*snip*

  61. mattbernius says:

    @Steven L. Taylor:

    your research skills need some work.

    I’m reminded that, before we get into citing work and owning moves, the foundation of conducting good research is to seek out and seriously consider counter-factuals.

  62. andros says:

    @Steven L. Taylor:
    Thank you. “There’s a lot of talk about Biden’s son, that Biden stopped the prosecution and a lot of people want to find out about that so whatever you can do with the Attorney General would be great.”

  63. Daryl and his brother Darryl says:

    @andros:
    You’re still thick as a brick, J-nos.
    This is testimony under oath and not a “memo” of a call, the accuracy of which cannot be confirmed.

    SCHIFF: But he had to get those two investigations if that official act was going to take place, correct?
    SONDLAND: He had to announce the investigations. He didn’t actually have to do them, as I understood it.

    GOLDMAN: Giuliani and President Trump didn’t actually care if they did them, right?
    SONDLAND: I never heard, Mr. Goldman, anyone say that the investigations had to start or be completed. The only thing I heard from Mr. Giuliani or otherwise was that they had to be announced. … President Trump presumably, communicated through Mr. Giuliani, wanted the Ukrainians on-record publicly that they were going to do those investigations.

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  64. andros says:

    @Steven L. Taylor:
    So why is Joe so distressed by the requests for documents related to his tenure as the “point man” for Ukraine?

  65. andros says:

    @Daryl and his brother Darryl: @Daryl and his brother Darryl:
    Um, hum, based on what staffers “understood” to be required for a personal meeting. So we just ignore the transcript, right?

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  66. Daryl and his brother Darryl says:

    @andros:

    So we just ignore the transcript, right?

    THERE IS NO TRANSCRIPT!!!
    What the Ambassador was told by Rudy was required for the release of the Military Aide, and a White House Meeting.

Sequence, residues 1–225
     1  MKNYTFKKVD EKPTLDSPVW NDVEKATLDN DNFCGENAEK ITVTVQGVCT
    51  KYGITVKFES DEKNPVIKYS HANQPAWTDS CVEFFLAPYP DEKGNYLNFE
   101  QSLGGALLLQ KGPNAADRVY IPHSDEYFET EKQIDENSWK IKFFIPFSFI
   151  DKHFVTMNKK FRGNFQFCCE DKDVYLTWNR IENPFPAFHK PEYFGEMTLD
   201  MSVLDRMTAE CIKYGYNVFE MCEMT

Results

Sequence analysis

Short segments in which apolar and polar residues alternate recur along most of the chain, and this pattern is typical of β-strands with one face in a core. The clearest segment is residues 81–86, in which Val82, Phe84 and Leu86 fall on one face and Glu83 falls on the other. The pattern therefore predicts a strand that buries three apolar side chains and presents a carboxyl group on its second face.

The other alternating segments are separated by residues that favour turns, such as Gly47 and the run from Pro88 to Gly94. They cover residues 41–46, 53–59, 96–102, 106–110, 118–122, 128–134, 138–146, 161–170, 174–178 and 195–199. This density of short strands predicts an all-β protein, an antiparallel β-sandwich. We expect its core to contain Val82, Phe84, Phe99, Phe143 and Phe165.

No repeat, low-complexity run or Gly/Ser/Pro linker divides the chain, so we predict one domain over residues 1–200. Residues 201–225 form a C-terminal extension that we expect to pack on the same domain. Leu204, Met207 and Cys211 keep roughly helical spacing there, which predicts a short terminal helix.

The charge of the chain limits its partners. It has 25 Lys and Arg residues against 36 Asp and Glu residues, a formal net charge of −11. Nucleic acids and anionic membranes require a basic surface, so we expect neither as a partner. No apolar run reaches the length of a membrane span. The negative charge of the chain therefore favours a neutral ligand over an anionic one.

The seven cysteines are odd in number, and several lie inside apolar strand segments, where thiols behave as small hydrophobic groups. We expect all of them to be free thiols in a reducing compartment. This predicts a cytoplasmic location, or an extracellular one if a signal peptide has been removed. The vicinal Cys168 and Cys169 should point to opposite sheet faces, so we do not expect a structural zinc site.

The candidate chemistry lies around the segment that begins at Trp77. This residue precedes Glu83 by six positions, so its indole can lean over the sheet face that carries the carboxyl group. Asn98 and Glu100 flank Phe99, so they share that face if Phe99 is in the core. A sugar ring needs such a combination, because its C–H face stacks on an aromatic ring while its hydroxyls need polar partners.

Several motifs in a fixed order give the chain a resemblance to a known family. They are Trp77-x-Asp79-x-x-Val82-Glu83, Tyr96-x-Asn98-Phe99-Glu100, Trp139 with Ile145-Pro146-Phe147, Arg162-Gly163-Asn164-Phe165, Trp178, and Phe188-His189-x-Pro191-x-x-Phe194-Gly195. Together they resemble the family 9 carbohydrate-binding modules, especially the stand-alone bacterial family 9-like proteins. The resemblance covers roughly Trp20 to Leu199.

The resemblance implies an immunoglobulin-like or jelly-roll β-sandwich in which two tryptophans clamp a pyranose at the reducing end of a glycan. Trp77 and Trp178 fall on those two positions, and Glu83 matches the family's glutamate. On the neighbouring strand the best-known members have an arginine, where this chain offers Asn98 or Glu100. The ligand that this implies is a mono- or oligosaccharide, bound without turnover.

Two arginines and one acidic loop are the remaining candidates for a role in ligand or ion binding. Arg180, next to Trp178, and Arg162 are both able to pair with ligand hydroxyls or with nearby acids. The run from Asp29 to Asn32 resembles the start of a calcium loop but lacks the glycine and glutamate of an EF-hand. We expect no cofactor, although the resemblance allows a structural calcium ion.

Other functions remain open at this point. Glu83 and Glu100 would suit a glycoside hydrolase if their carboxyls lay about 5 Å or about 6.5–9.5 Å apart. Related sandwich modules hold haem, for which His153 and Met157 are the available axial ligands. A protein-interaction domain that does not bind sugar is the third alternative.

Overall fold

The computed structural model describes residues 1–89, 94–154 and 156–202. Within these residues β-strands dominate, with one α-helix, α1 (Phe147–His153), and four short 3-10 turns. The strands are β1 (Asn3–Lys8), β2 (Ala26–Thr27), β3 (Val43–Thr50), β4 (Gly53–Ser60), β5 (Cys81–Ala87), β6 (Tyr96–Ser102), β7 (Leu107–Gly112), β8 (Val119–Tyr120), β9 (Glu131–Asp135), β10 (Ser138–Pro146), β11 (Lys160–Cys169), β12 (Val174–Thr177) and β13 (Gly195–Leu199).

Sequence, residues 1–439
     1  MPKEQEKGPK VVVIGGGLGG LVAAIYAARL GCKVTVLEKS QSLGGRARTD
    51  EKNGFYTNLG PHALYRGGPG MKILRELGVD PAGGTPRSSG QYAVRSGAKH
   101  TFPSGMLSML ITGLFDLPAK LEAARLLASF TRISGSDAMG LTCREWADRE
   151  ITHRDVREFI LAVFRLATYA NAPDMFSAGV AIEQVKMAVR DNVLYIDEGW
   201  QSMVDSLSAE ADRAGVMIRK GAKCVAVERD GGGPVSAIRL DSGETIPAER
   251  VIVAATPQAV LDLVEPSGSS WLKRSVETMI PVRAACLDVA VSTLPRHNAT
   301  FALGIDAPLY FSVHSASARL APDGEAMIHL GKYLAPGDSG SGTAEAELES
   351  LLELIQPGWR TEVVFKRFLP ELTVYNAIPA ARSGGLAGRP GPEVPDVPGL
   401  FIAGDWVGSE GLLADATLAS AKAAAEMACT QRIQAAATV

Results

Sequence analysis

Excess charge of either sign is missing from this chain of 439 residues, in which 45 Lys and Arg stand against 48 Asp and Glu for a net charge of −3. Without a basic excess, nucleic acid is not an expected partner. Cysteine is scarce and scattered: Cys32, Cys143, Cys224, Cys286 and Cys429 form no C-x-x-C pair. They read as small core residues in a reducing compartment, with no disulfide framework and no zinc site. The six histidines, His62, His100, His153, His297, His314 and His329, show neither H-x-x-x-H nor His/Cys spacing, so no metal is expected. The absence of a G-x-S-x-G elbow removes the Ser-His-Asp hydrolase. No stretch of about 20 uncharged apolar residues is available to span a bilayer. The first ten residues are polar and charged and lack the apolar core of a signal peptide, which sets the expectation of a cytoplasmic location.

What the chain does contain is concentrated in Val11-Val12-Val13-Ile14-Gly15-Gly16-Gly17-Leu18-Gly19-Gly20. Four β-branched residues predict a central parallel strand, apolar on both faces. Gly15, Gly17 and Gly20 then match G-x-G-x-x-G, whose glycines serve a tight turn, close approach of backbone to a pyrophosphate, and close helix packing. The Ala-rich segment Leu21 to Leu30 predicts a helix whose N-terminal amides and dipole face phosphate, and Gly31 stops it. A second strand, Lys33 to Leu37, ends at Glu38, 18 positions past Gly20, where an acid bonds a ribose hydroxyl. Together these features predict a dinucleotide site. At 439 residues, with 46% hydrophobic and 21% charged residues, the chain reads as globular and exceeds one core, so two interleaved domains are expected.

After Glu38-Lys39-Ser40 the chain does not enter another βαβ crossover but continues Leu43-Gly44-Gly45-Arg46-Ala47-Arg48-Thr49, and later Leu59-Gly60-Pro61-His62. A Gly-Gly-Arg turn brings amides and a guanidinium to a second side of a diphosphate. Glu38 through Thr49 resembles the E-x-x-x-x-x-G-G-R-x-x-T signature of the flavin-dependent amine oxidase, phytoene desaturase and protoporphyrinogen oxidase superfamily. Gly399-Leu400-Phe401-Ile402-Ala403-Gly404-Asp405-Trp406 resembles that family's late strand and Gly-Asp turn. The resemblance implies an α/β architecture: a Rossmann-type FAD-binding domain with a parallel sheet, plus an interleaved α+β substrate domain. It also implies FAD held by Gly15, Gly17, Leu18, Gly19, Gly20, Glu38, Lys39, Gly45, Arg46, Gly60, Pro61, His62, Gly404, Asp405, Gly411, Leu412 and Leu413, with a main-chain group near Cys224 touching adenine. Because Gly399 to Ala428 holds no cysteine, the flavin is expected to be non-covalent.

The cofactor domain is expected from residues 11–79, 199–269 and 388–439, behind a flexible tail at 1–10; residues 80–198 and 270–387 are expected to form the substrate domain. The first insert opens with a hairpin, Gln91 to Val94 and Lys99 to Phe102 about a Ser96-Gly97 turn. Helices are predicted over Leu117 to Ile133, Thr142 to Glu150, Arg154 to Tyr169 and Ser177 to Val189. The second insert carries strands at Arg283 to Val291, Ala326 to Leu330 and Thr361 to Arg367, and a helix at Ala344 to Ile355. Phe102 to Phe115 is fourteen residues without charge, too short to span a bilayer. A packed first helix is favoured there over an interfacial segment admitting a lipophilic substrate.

We need a favor, though.

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  67. Mike in Arlington says:

    @andros: Do you have a cite for Joe being so “distressed” by the document requests? I found a couple of quotes saying that there’s nothing there, but it’s possible that I missed them.

  68. David Milne says:

    @andros:

    “There’s a lot of talk about Biden’s son, that Biden stopped the prosecution and a lot of people want to find out about that so whatever you can do with the Attorney General would be great.”

    Thanks for providing the iron-clad evidence Trump committed a crime and deserves to be impeached and removed from office.

  69. David M says:

    @andros:

    “There’s a lot of talk about Biden’s son, that Biden stopped the prosecution and a lot of people want to find out about that so whatever you can do with the Attorney General would be great.”

    Thanks for providing the iron-clad evidence Trump committed a crime and deserves to be impeached and removed from office.

  70. Daryl and his brother Darryl says:

    @andros:
    @Mike in Arlington:

    So why is Joe so distressed

    I’ve seen nothing about Biden being distressed. This is typical J-nos strawman bullshit.
    Biden said he’s embarrassed for Graham for being a Trump toady, and that Graham will eventually regret selling his soul to someone like Trump.
    Also, Biden has no say…they are Government records. Certainly the corrupt fuqers running the DOJ and State aren’t going to keep anything from Graham.

  71. Mike in Arlington says: